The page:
What Is Usability Performance Testing?
In Bespoken’s recent webinar (slides, video, we officially launched our Usability Performance Testing solution, a product built to solve the toughest problem in voice – ensuring users are understood correctly:
Automated Usability Performance Testing addresses this by enabling comprehensive and repeatable testing of interaction models. We start by capturing baseline metrics on the skill’s performance, then iterate and improve on the interaction model, using the results as a guide.
By leveraging Bespoken’s Usability Performance Testing, skill builders can now ensure users of voice applications have the best experience possible.
Bespoken partnered with Opearlo to work on their popular quiz skill Guess My Name. Opearlo, a Y-Combinator-backed company, makes some of the most popular gaming and productivity skills for Alexa, such as Find My Phone and Animal Rescue (winner of the Alexa Skills Challenge for Kids. Opearlo and Bespoken have collaborated for some time and saw this as a great opportunity to showcase the benefits of Usability Performance Testing to help make a great skill even better.
Guess My Name – A Fun, Simple Skill With Complex Speech Recognition Issues
Guess My Name is an entertaining quiz skill in which the user is given clues as to the identity of a person or thing, and their job is to guess who it is. It’s fun and engaging gameplay has made it extremely popular with users. But with hundreds of possible answers to guess, the speech recognition (ASR) and natural language understanding (NLU) for the skill can be challenging – for Alexa, handling complex, custom slot values is a struggle.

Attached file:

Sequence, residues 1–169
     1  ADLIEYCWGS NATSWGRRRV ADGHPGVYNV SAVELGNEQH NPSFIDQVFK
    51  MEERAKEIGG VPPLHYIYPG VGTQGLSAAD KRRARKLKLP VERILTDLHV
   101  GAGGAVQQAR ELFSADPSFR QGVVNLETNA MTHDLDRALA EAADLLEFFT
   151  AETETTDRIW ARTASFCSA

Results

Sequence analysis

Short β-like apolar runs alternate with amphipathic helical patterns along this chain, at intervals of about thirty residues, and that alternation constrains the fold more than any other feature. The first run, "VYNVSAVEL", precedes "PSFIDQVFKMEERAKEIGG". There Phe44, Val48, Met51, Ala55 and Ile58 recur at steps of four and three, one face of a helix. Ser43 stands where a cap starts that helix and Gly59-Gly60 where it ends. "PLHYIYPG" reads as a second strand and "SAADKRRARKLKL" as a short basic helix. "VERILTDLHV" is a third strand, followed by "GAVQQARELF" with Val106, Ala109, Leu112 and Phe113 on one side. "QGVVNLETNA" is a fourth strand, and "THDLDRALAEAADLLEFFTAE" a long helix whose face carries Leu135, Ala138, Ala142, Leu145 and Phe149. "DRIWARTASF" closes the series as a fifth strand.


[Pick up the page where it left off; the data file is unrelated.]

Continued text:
These challenges are reflected in the reviews of the Guess My Name skill – here are some examples of recent reviews:
Oscar Merry, co-founder, and CTO of Opearlo, and Alexa Champion said this on the challenge of tuning an interaction model for Alexa:
There are very few tools available for handling this. What we are typically left with when we make adjustments to our interaction model is submitting a new version of the skill, and then closely monitoring the reviews for issues reported by users. It’s a user-unfriendly and unreliable way to diagnose speech recognition problems.
A Better Way To Diagnose And Fix AI Issues
Leveraging our Usability Performance Testing, we ran an initial set of tests against the skill. The tests are easy to set up – we worked with Oscar to identify:
What intents and slots do you want to test?
In this case, the key intent was the one where the user guesses the answer.
What phrases do you want to test?
Coming up with phrase variations is important for testing – for example, when guessing a name, users might say: “You are a llama” or “the answer is llama” or even just “llama”. The phrasing affects how well it is recognized by Alexa.
What type of speakers do you want to test with?
Just as important as phrasing is who the user is – we use text-to-speech from Amazon Polly and Google TTS to create different voices – this allows us to emulate different genders, ages as well as even accents for our speakers.